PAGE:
Applies a style (for example a colour) to a cell.
STYLE(style; timesecs; finalstyle)
- STYLE applies the initial style style to its cell for timesecs seconds, and thereafter applies the final style finalstyle. Both styles are given as text.
- Styles are listed (and may be created) in the Format - Styles and Formatting menu.
- The initial style is applied for timesecs seconds after the cell itself is recalculated. Please note that a manual recalculation (F9 key or Tools - Cell Contents - Recalculate) will not trigger the initial style.
- timesecs and finalstyle may together be omitted; style is then applied permanently.
- STYLE returns the numeric value 0, so it may be added on to an existing calculation in the cell without changing the result. See the examples below.
- Another way to apply styles can be found at Format - Conditional Formating....
- There is no direct way to determine (in a formula) what formatting has been applied to a cell.
In these examples, it is assumed you have created a new style "Red" where the cell has a red background. "Default" is the default style already defined in Calc.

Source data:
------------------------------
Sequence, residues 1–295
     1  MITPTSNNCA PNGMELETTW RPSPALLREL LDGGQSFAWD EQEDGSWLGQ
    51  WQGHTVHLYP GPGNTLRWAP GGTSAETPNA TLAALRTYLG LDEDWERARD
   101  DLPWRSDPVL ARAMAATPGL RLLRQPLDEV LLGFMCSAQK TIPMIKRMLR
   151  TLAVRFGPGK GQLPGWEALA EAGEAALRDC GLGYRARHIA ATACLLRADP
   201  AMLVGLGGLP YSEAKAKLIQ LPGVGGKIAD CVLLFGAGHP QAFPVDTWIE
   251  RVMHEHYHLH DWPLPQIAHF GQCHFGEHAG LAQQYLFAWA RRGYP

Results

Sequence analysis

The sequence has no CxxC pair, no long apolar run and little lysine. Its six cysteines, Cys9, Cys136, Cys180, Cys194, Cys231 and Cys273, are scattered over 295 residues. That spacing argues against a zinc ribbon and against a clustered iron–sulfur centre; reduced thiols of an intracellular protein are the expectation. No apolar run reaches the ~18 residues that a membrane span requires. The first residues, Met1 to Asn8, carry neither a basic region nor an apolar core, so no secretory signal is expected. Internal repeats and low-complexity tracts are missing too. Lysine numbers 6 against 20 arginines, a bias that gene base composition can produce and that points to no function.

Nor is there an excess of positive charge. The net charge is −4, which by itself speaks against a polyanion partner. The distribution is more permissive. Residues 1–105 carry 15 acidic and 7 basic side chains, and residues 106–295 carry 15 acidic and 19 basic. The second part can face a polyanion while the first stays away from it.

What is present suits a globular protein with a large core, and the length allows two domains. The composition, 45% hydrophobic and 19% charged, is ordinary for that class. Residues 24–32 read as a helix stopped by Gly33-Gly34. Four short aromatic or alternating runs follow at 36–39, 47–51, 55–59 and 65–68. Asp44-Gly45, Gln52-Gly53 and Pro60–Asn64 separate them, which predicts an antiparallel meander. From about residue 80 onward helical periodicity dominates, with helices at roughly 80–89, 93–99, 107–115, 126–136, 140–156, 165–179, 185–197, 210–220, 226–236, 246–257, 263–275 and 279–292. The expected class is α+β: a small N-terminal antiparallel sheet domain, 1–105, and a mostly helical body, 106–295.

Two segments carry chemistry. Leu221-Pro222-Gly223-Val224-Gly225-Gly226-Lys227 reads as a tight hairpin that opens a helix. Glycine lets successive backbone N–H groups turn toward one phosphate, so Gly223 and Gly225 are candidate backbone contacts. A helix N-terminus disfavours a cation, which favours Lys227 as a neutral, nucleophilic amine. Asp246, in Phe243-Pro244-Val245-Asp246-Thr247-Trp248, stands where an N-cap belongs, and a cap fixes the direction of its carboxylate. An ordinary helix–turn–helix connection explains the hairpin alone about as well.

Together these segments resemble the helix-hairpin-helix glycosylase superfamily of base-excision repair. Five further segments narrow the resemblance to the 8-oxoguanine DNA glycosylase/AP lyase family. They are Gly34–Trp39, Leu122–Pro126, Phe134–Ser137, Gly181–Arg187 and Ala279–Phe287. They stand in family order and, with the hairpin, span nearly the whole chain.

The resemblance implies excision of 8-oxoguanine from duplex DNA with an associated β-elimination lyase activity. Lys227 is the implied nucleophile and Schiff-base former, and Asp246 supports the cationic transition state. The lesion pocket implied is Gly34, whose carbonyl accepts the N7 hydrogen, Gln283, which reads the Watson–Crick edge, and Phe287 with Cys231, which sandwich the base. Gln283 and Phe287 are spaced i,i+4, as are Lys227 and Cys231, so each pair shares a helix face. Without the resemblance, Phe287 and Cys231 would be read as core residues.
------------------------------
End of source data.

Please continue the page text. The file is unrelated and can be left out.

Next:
=3 + 5 + STYLE("Red"; 3; "Default")
- displays 8 (the result of adding 3 and 5) with a red background for 3 seconds, and in the default style thereafter.
=SQRT(9) + STYLE("Red")
- displays 3 (the square root of 9) permanently with a red background.
=A1 + STYLE(IF(A1>3;"Red";"Default"))
- displays the numeric contents of cell A1, with a red background if A1 is greater than 3. Here the IF function returns the name of the style for STYLE to use (either "Red" or "Default"), depending on the value of cell A1.
=A1 + STYLE(IF(CURRENT()>3;"Red";"Default"))
- also displays the numeric contents of cell A1, with a red background if A1 is greater than 3.
="Some text" & T(STYLE("Red"))
- displays the text Some text with a red background. The STYLE function always returns 0, so T(0) will return a zero length string which can be concatenated to an existing string without affecting it.
=IF(STYLE("Red"); ""; yourformula)
- where yourformula stands for some formula, displays the result of yourformula with a red background. This method might be useful if you cannot predict whether yourformula will return text or a number (for example with HLOOKUP).
The STYLE function is unique to Calc.